5 Easy steps to making a complete hash of a recruitment campaign

Posted by Nick Mitchell on Mar 22, 2019 2:58:06 PM
Nick Mitchell
Alright guys. Nick here with a bit of useless advice on how to keep doing what so many companies do so brilliantly already: making a complete hash of their recruitment campaigns.

That's right. Whether you’re looking to get zero applications or an absolute shedload of rubbish applications from all the wrong people, this article is for YOU! It will revolutionise your ability to be a terrible recruiter overnight! Just read it and weep.

  1. Making a hash of understanding the brief

The first thing you have to do, if you want to stand any chance of not hiring the right person, is to make sure you have as little idea as possible about the kind of person you're looking for. So, try as best as you can not to talk to the hiring manager. That's really important. They might tell you a lot of useful things like what kind of skills the incumbent has that were just invaluable or what kind of personality might best fit into the department. Those are things that are likely to help you find a really good candidate, so if they do try talking to you, either put your fingers in your ears and say, 'la la la...' or answer every sentence with, 'I know you are, I said you are, but what am I?' This will put them off.

Whatever you do, don't let them tell you any positive, entertaining anecdotes about doing the job that might help to give uniqueness and personality to your campaign concepts. You're not David Letterman - what do you care about other people's boring work stories? Yawn!

  1. Making a hash of briefing your employer comms agency

Alright, you've already messed up here. If you really wanted to do this badly, you should have gone to a recruitment consultant and paid them a fat fee to get you the best of a bad bunch. Oh well, it is what it is. So long as you make sure you tell your employer comms agency as little as possible, you should still be in with a chance of not finding a decent candidate.

Let's start with the job description. Whatever you do, don't give them one. And, if you really must, at least make sure you wait at until no more than an hour before the copy deadline to send it over. We don't want your employer comms agency making educated guesses as to what the job entails. We want them to make uneducated guesses. Remember: 'a bad agency is a mad agency,' so really go all-out to annoy them.

There's a great trick you can use to get your agency all pissed off, actually. They'll never tell you they're pissed off because it's their job to grin and bear it. But you'll be able to hear it in their voices. They'll sound strained and a bit in disbelief. Anyway here it is... Whenever your Account Manager asks you a question about the brief, answer them by saying this:

"It's your job to know that."

Then sit back and wait for the flustered burbling of a confused supplier. Because, you know what... There is no way - NO WAY - that your employer comms agency will be able to come up with a half decent idea for you now.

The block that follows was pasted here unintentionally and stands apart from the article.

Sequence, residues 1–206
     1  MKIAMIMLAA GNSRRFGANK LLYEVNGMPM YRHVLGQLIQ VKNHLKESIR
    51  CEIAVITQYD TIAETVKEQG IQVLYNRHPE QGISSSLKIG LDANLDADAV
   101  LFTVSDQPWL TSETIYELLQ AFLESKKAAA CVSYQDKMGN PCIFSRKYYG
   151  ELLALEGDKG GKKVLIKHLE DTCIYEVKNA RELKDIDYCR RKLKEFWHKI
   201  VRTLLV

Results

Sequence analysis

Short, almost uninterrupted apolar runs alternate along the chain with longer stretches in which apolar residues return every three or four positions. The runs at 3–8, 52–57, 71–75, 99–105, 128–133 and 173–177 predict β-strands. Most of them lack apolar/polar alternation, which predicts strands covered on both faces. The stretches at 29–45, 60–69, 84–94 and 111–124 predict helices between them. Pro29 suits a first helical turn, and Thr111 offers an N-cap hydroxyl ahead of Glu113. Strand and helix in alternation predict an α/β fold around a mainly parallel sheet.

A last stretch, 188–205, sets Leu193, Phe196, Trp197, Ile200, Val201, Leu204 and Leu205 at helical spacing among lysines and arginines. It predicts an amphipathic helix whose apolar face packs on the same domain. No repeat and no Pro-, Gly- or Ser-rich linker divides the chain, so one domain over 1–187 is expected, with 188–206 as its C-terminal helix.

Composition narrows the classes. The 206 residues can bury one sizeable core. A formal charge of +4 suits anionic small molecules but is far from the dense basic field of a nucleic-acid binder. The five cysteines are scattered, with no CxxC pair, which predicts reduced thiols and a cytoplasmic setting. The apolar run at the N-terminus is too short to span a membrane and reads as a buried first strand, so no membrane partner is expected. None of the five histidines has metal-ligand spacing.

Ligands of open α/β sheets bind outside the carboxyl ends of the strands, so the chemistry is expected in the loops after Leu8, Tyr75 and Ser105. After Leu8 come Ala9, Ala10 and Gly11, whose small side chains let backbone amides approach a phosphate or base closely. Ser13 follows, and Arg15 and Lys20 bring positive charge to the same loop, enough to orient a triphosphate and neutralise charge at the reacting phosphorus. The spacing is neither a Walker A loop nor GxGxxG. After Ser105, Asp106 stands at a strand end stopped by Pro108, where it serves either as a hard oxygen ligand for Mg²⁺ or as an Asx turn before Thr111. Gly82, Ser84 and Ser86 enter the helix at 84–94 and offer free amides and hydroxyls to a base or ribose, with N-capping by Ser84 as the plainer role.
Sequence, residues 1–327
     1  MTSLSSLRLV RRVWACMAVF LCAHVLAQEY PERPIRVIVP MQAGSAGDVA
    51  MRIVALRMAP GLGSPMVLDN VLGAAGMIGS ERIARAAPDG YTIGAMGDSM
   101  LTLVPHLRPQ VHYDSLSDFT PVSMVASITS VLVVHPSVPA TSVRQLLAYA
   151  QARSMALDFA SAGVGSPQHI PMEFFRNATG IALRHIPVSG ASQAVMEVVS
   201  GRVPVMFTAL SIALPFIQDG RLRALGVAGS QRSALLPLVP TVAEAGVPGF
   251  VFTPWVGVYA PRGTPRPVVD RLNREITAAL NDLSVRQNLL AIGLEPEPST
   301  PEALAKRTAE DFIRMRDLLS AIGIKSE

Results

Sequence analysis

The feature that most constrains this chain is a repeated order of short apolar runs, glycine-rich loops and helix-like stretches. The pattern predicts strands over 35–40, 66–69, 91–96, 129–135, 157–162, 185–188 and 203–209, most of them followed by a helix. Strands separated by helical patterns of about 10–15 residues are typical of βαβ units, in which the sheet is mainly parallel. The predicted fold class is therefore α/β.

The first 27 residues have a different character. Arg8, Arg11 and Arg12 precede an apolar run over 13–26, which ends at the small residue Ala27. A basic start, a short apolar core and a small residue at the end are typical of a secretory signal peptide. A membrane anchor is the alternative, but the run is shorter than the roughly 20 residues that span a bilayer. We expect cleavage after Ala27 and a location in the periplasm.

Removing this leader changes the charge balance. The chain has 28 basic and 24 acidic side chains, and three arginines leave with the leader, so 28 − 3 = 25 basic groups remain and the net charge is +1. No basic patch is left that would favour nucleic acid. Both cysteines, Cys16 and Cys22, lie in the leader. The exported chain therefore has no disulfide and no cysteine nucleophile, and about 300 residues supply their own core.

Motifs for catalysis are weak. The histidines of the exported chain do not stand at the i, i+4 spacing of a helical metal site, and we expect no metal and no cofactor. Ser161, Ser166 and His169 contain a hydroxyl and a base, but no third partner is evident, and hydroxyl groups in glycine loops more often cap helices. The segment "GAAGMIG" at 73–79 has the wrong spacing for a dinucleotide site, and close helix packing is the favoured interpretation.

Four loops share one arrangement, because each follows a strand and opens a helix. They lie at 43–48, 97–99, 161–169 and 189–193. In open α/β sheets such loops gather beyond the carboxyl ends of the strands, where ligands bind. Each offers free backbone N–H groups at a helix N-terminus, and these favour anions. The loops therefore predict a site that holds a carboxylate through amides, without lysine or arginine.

Image: the warm confident smile of someone who's done everything they can to make life difficult for people - this is what you're shooting for.

  1. Making a hash of giving feedback on the work

Ensure you get as many stakeholders as possible involved in making a decision on the creative campaign. If you can, try to get people who are likely to all have conflicting opinions and ensure NETSthat they all give feedback at staggered points so that, just when an amendment has been made to a piece of work, a new piece of feedback comes in that totally pulls the rug from beneath the agency's feet. Even better, make sure your stakeholders are the forgetful type who'll contradict their own feedback within minutes of having given it.

It's really important to keep shifting the goalposts. If you don't, the work is likely to be cohesive and intelligible. And you don't want that.

Image: Your role models.

  1. Making a hash of the media

You've come this far. You've got a really confused (hopefully ugly and unappealing) creative advertising campaign that doesn't know who it's talking to. Don't go spoiling it now by choosing relevant media that will play right into the hands of your target audience.

Programmatic advertising is a huge trap and you'll have to work hard to avoid it because, I guarantee you, your agency will be recommending it. The thing about programmatic is that it not only delivers your message directly into the hands of the perfect people to work for you, it also opens up exciting, previously unaffordable media like TV (e.g. Sky Adsmart), that will give you the chance to recruit via channels you never had the budget to tap into before. Terrible. Bin that off right now. Tell them to do a full page in the local rag that nobody reads instead. That will be well better.

The easiest way to think about booking media is: if it's expensive and nobody uses it, it's the one for you.

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  1. Making a hash of the data

Try not to collect statistics on how your campaign performs. It will only make it easier to recruit smarter next time around. And that's for tossers! The cool, fun way of doing things is to just not bother keeping track of this stuff. Hit the pub instead!

The only good data is downward dwindling data. Triple D. Remember that. If your quality of hires is dropping, you're onto something. If your number of candidates is dropping, you're on your way to glorious failure. If your staff retention is at an all time low, you're killing it, baby!

Image: What you're aiming for.

Hopefully you've got a few really useless tips there on how to do what you would do anyway if you just turned off your brain and let the work try to do itself. If you have any questions, don't ask me. That's your job.

Topics: Employer Branding